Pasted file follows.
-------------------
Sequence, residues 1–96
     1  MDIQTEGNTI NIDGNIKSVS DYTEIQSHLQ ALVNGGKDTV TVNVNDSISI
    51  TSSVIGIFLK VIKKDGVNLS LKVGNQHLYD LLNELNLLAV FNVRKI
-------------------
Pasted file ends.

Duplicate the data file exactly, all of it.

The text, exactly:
Sequence, residues 1–96
     1  MDIQTEGNTI NIDGNIKSVS DYTEIQSHLQ ALVNGGKDTV TVNVNDSISI
    51  TSSVIGIFLK VIKKDGVNLS LKVGNQHLYD LLNELNLLAV FNVRKI